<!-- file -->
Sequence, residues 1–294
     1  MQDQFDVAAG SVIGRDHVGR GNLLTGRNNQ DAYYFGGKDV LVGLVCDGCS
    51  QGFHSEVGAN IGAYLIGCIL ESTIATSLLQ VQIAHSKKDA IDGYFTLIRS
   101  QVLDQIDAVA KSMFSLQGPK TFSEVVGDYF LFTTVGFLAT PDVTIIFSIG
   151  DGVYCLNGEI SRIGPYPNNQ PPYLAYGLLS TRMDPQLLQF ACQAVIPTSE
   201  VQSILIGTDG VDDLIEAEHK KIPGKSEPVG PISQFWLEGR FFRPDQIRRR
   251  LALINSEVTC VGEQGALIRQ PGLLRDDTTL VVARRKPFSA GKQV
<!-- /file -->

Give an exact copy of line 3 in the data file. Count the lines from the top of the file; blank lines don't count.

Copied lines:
    51  QGFHSEVGAN IGAYLIGCIL ESTIATSLLQ VQIAHSKKDA IDGYFTLIRS